Even though the 5.7L smallblock isn’t dimensionally huge, the engine bay is, as expected these days, a bit on the cramped side. The battery is mounted at the left (driver side) between the master cylinder and fender. The battery is encased in a boxed insulator (a bit on the flimsy side, but it helps to protect the battery from road grime and likely aids a bit in insulating it from the cold). A simple Velcro strap retains the box lid. Accessing fuel injectors will require a stretch, given the fairly low engine location and the immense front cowling/radiator shroud panel (hey, if it was easy, everybody would do it, right?).
The power brake fluid reservoir is remote and made of white plastic, and plumbed with crimped hose fittings. The reservoir is mounted at the immediate left (driver side) of the steering pump and does not obstruct access to the drive belt area. The intake air system is located on the right (passenger) side, which is nice, since it doesn’t obstruct access to the brake master cylinder.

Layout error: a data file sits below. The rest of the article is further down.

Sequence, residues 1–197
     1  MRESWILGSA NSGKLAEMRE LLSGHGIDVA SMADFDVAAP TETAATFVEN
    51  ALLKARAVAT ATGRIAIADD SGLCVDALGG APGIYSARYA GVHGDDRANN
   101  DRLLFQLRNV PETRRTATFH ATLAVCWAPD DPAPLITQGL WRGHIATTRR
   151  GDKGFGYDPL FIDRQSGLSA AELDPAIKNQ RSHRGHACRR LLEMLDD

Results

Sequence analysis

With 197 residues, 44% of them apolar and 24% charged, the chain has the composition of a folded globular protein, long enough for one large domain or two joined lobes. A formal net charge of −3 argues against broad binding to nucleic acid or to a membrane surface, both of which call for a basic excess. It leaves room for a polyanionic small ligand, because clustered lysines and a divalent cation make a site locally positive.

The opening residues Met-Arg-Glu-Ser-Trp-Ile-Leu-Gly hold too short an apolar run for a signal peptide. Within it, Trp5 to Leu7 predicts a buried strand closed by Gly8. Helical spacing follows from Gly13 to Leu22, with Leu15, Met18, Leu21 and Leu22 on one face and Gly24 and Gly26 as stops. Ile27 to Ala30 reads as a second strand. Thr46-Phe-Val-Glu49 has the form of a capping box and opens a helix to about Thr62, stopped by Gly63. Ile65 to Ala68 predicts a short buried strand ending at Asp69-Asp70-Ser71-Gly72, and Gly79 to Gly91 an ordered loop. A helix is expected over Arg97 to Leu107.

The main ECM harness connections all take place at a central location on the right side firewall, behind the air cleaner unit. Water pump hoses (including heater hoses) are secured with spring tension clamps (access of the heater hoses at the pump is actually fairly accessible).
The belly of the beast (on the Outdoorsman model) features two hefty steel skid plates, one to protect the transfer case and one for the front suspension. Anti-roll bars are featured front and rear.
The front suspension features forged aluminum lower control arms and uprights, coilover front shocks, and adjustable (eccentric) lower arm pivots for camber and caster adjustment.
The front primary driveshaft (transfer case to rear features a primary and secondary shaft assembly) is very accessible. The shaft’s front U-joint is easy to access, with no obstructions. The front shaft is, however, is close proximity to the engine’s exhaust pipe/resonator, so it’s best to allow the exhaust to cool before attempting any driveshaft work.